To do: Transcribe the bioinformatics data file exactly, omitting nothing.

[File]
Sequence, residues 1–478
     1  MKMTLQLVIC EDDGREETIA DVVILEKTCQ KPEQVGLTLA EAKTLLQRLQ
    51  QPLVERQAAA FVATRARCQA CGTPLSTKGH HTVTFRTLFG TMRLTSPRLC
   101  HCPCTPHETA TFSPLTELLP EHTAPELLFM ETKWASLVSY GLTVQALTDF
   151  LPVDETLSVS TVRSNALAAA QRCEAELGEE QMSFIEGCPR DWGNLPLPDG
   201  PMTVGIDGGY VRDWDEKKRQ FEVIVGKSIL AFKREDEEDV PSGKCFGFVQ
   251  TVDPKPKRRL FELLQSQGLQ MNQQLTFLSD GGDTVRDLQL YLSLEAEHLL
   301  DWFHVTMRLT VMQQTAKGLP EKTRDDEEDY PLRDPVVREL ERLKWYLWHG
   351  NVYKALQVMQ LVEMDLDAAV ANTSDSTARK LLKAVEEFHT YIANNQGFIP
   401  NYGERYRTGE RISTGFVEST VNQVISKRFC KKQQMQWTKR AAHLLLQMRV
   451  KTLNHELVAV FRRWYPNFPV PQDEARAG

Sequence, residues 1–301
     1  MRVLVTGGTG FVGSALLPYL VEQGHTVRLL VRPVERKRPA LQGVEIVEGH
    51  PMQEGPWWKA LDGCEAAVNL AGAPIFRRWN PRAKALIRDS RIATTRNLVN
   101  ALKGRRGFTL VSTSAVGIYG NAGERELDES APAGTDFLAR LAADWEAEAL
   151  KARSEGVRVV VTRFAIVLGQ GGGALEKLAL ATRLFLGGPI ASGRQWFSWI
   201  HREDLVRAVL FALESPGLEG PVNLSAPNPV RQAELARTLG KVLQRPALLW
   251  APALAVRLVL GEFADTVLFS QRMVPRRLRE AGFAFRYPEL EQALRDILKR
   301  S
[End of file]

Sequence, residues 1–478
     1  MKMTLQLVIC EDDGREETIA DVVILEKTCQ KPEQVGLTLA EAKTLLQRLQ
    51  QPLVERQAAA FVATRARCQA CGTPLSTKGH HTVTFRTLFG TMRLTSPRLC
   101  HCPCTPHETA TFSPLTELLP EHTAPELLFM ETKWASLVSY GLTVQALTDF
   151  LPVDETLSVS TVRSNALAAA QRCEAELGEE QMSFIEGCPR DWGNLPLPDG
   201  PMTVGIDGGY VRDWDEKKRQ FEVIVGKSIL AFKREDEEDV PSGKCFGFVQ
   251  TVDPKPKRRL FELLQSQGLQ MNQQLTFLSD GGDTVRDLQL YLSLEAEHLL
   301  DWFHVTMRLT VMQQTAKGLP EKTRDDEEDY PLRDPVVREL ERLKWYLWHG
   351  NVYKALQVMQ LVEMDLDAAV ANTSDSTARK LLKAVEEFHT YIANNQGFIP
   401  NYGERYRTGE RISTGFVEST VNQVISKRFC KKQQMQWTKR AAHLLLQMRV
   451  KTLNHELVAV FRRWYPNFPV PQDEARAG

Sequence, residues 1–301
     1  MRVLVTGGTG FVGSALLPYL VEQGHTVRLL VRPVERKRPA LQGVEIVEGH
    51  PMQEGPWWKA LDGCEAAVNL AGAPIFRRWN PRAKALIRDS RIATTRNLVN
   101  ALKGRRGFTL VSTSAVGIYG NAGERELDES APAGTDFLAR LAADWEAEAL
   151  KARSEGVRVV VTRFAIVLGQ GGGALEKLAL ATRLFLGGPI ASGRQWFSWI
   201  HREDLVRAVL FALESPGLEG PVNLSAPNPV RQAELARTLG KVLQRPALLW
   251  APALAVRLVL GEFADTVLFS QRMVPRRLRE AGFAFRYPEL EQALRDILKR
   301  S